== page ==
“Girls,” Susanne Brody would tell her three daughters, “you can be whatever you want after your federal clerkships.”
Vogel dutifully earned a law degree, clerked with the House of Representatives Committee on Homeland Security and eventually served as the environmental counsel for Sen. Joseph I. Lieberman (I-Conn.) from December 2008 to March 2011, fighting to win support for a climate change bill. But when the bill died, a victim of classic Capitol Hill politics, Vogel had had it with trying to improve the environment via the sausagemaking process in Congress. She decided to heed the call of those who had gone before her.
Danielle Vogel was going to be a grocer.
Glen’s Garden Market, a 10,000-square-foot operation carved out of the old “Secret” Safeway north of Dupont Circle, is her vision. It’s not a conventional supermarket, nor even a store like Whole Foods or MOM’s Organic Market
. Glen’s is a concept that will mix Vogel’s past with the future, advancing the family’s history of supermarkets with the hope of helping us avoid a future full of environmental catastrophes. The store is Vogel’s attempt not only to promote sustainability and local products but also to wean Washingtonians off those goods from faraway lands that contribute to global warming.
Glen’s will officially open on Sunday, the day before Earth Day.
Vogel’s tools for accomplishing her mission are the same as those behind farmers markets: geography and artisan producers. With the exception of some staples (items such as olive oils, salts and other “forbidden fruit of the nonindigenous tree,” as Vogel dubs them), Glen’s Garden Market will sell products sourced only from the states of the Chesapeake watershed, from New York to Virginia.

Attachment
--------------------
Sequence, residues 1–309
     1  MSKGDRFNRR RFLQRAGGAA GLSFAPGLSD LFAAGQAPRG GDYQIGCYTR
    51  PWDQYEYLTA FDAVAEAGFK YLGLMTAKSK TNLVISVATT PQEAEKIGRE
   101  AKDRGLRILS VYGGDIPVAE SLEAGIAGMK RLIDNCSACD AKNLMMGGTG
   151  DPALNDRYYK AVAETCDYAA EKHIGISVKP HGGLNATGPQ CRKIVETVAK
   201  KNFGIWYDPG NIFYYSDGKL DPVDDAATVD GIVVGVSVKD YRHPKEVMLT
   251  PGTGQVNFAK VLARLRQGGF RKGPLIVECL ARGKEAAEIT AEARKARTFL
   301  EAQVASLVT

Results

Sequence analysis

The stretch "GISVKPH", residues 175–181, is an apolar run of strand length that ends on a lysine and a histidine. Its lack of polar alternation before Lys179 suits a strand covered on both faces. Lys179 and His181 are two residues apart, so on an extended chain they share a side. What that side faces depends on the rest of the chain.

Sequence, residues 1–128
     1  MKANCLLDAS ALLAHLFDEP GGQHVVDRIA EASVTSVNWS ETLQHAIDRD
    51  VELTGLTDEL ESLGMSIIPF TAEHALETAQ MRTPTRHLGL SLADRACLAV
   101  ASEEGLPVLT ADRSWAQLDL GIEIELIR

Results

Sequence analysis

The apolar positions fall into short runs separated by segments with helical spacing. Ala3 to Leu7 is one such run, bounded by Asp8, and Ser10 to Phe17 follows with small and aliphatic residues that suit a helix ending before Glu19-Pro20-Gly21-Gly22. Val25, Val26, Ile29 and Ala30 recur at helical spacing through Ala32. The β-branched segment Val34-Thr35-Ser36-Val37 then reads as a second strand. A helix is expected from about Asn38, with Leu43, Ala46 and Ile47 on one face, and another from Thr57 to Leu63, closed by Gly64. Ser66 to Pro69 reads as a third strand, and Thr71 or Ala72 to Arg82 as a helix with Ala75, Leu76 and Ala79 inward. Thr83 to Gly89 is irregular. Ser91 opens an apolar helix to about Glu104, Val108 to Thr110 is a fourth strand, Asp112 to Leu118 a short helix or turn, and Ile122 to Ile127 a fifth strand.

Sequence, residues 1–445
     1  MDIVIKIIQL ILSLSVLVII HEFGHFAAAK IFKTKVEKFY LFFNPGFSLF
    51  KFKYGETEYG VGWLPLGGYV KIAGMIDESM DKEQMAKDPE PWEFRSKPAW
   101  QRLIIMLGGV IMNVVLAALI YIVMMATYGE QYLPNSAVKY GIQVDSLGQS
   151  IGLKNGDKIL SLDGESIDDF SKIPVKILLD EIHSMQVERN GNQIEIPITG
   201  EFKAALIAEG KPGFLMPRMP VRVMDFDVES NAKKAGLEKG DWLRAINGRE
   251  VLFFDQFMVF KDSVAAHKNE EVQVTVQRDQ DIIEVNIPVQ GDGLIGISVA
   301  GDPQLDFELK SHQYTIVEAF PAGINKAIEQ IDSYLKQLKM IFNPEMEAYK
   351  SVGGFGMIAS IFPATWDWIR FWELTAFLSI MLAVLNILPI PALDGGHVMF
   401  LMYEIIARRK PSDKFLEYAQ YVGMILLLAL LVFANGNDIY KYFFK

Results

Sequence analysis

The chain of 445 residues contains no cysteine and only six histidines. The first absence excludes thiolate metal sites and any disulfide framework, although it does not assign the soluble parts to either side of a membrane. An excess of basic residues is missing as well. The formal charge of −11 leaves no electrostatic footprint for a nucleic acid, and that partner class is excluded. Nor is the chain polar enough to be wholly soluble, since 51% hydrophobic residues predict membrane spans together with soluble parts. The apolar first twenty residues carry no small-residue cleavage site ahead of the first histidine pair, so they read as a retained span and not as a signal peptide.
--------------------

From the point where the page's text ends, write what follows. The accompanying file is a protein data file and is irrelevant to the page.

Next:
What that means: At Glen’s, you won’t find pineapples from Costa Rica, farmed fish from Chile, wines from France, butter from Ireland or strawberries from California. Save for the “forbidden fruit,” every one of the 1,100-plus items on the shelves will come from regional producers, each personally selected by Vogel.
The store, she says, “is a logical extension of what I was doing” on Capitol Hill. “Everything we do is environmentally focused.”
If Glen’s Garden Market sounds like the product of an ambitious, highly educated adult from a Type-A family, well, Vogel is guilty as charged. She is the thin, wiry and slightly hyper daughter of Brody, an assistant federal defender in the Southern District of New York. Her late father, Glen Rosengarten, was the co-founder and chief executive of the Food Emporium, a mold-breaking grocery chain. Danielle, her mother says, spent her high school years in Greenwich, Conn., toting around the works of historian and activist Howard Zinn.